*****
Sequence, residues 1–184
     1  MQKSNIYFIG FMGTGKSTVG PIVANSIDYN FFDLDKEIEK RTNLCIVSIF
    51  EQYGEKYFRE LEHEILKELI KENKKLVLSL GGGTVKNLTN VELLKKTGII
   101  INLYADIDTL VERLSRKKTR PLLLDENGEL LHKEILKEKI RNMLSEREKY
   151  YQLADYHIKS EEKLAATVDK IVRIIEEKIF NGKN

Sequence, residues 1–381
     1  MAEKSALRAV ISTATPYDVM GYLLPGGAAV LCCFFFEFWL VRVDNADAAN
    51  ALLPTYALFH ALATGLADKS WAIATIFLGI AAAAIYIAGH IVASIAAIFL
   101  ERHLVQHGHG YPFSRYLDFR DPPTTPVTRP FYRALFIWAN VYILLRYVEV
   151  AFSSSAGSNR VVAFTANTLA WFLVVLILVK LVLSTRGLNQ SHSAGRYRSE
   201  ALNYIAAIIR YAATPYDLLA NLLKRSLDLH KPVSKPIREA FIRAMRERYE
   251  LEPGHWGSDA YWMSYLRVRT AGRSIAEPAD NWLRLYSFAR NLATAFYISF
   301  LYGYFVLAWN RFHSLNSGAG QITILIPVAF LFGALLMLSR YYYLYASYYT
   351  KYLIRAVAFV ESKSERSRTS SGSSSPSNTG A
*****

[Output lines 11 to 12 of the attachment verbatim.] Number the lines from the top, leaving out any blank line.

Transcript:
   201  ALNYIAAIIR YAATPYDLLA NLLKRSLDLH KPVSKPIREA FIRAMRERYE
   251  LEPGHWGSDA YWMSYLRVRT AGRSIAEPAD NWLRLYSFAR NLATAFYISF